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How To Get Rid Of Keloid Scars

 
By Nidhi Nangia. February 15, 2018
How To Get Rid Of Keloid Scars

A keloid or a keloid scar is a tough heaped up scar which is risen above the rest of the skin surface. Usually, it has a smooth top and it is purple or pink in color. It has an irregular shape and continues to enlarge over time. Although a keloid is benign and can be left untreated, it can provide a cosmetic problem for some and many wish to get rid of it for personal reasons. If this is something you relate to or you simply want to know more about removing blemishes, there are some courses of action and treatment you can take. Let’s have a look at this oneHOWTO article to find out how to get rid of keloid scars and other information.

You may also be interested in: How to Heal a Scar Naturally

How to Identify a Keloid Scar

Keloid scars form due to abnormal healing and are most commonly found in people from the ages of 10 to 20. It is a type of overgrown scar caused due to overly aggressive healing of a wound. It is an irregular, thick shape which is raised above the normal skin level and spreads beyond its original boundaries. Asian, Hispanic and African American people are more susceptible to develop keloids. Also, some people may have predisposed genes to develop keloids.

Sometimes, a keloid is confused with a hypertrophic scar, but the major difference between the two is that the latter does not extend beyond the original boundaries of the wound. While hypertrophic scars grow rapidly and then regress, keloids grow over a period of several years after the injury and do not show any signs of regression. In addition, keloids may recur after surgical removal too.

How a Keloid Scar is Formed

Usually, when you get hurt or when your skin is torn or damaged, fibroblasts synthesize your protein collagen to provide structural support to your wound. They do so to promote the healing process. Sometimes, the formation of this collagen continues even after the repair and gets collected at the wound site to form a keloid scar. In other words, a keloid scar does not know when to stop growing and keeps progressing slowly over a period of several years.

Keloids are generally formed at the sites of:

Keloids develop over general sites of injury and may be red, brown, pink, purple or any flesh color. Some may be smooth, while others may be lumpy, nodular and ridged. They tan and become darker in color if they are exposed to sun during the time of formation. For some, they cause more discomfort than just ugly skin imperfections. They may affect a person’s condition both physically and mentally by causing pain, itchiness and tenderness. They worsen if they are irritated due to friction against clothes and other materials.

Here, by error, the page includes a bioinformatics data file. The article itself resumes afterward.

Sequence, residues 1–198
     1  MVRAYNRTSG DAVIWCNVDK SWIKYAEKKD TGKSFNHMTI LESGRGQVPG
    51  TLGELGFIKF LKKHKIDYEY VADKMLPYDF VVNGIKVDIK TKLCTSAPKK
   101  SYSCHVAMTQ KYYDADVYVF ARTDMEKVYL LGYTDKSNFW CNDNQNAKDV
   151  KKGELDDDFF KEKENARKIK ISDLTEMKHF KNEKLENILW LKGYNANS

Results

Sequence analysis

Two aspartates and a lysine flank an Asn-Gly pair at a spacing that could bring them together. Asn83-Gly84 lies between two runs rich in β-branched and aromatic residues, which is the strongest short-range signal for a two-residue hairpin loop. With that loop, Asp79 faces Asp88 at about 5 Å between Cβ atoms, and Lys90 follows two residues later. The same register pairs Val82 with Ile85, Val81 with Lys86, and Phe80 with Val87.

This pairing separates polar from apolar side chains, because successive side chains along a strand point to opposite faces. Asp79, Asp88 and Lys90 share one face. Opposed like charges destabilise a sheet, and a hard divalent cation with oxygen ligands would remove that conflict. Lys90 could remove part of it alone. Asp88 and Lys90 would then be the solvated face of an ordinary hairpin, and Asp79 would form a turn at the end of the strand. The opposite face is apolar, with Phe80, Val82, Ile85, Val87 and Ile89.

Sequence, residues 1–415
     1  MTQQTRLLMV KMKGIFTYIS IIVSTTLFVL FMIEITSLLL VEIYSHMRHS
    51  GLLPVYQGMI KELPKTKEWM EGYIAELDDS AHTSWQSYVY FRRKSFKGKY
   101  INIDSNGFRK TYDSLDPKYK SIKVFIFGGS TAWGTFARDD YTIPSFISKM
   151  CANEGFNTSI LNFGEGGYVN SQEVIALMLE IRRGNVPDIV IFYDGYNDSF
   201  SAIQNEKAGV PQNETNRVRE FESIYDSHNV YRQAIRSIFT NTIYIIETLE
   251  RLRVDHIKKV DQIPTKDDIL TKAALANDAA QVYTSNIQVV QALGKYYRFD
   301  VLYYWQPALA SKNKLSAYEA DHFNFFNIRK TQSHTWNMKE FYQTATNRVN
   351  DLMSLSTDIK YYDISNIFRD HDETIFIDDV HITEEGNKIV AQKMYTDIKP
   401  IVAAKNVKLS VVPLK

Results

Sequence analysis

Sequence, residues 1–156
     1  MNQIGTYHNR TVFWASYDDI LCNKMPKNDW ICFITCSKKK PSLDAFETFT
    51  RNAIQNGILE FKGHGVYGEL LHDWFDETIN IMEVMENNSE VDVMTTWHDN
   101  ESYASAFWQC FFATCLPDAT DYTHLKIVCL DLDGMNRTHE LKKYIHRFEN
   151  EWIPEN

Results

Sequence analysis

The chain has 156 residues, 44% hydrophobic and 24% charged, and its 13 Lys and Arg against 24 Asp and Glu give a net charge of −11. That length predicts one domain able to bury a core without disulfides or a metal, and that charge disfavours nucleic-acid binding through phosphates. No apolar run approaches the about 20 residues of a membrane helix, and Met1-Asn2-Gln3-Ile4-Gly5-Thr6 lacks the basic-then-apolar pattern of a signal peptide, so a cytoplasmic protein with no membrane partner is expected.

How To Get Rid Of Keloid Scars - How a Keloid Scar is Formed

Options To Get Rid of Keloid Scars

There are several options to help get rid of a keloid scar. The chosen remedy for your scar needs to be diagnosed by a doctor, so visit and appropriate physician if you are thinking of getting rid of one of them. Here are a few of the treatments they may recommend:

  • Corticosteroid injections: corticosteroids have anti-inflammatory components which treat inflammation caused by keloid scars. Corticosteroid injections can be successfully injected into your keloid scar in order to soften and diminish its appearance. These injections are safe to use, but somewhat painful. Usually, you will receive an injection once every 4-8 weeks. Sometimes, the injections may make the keloid redder by stimulating superficial blood vessels in the scar. Although the injections may flatten the keloid, it will still leave some mark that would be different from the rest of your skin. Sometimes, treatment with corticosteroid injections is complimented with chemotherapeutic agents like bleomycin and fluorouracil to treat keloids.
  • Laser removal: sometimes, pulsed-eye laser is used to diminish the look of your keloid scars. This method can be effective in flattening your keloids and make them look less red. Laser treatment is safe and not painful, but you may need to sit for several sessions before you can get noticeable results. These may be expensive and are not covered by most insurance plans.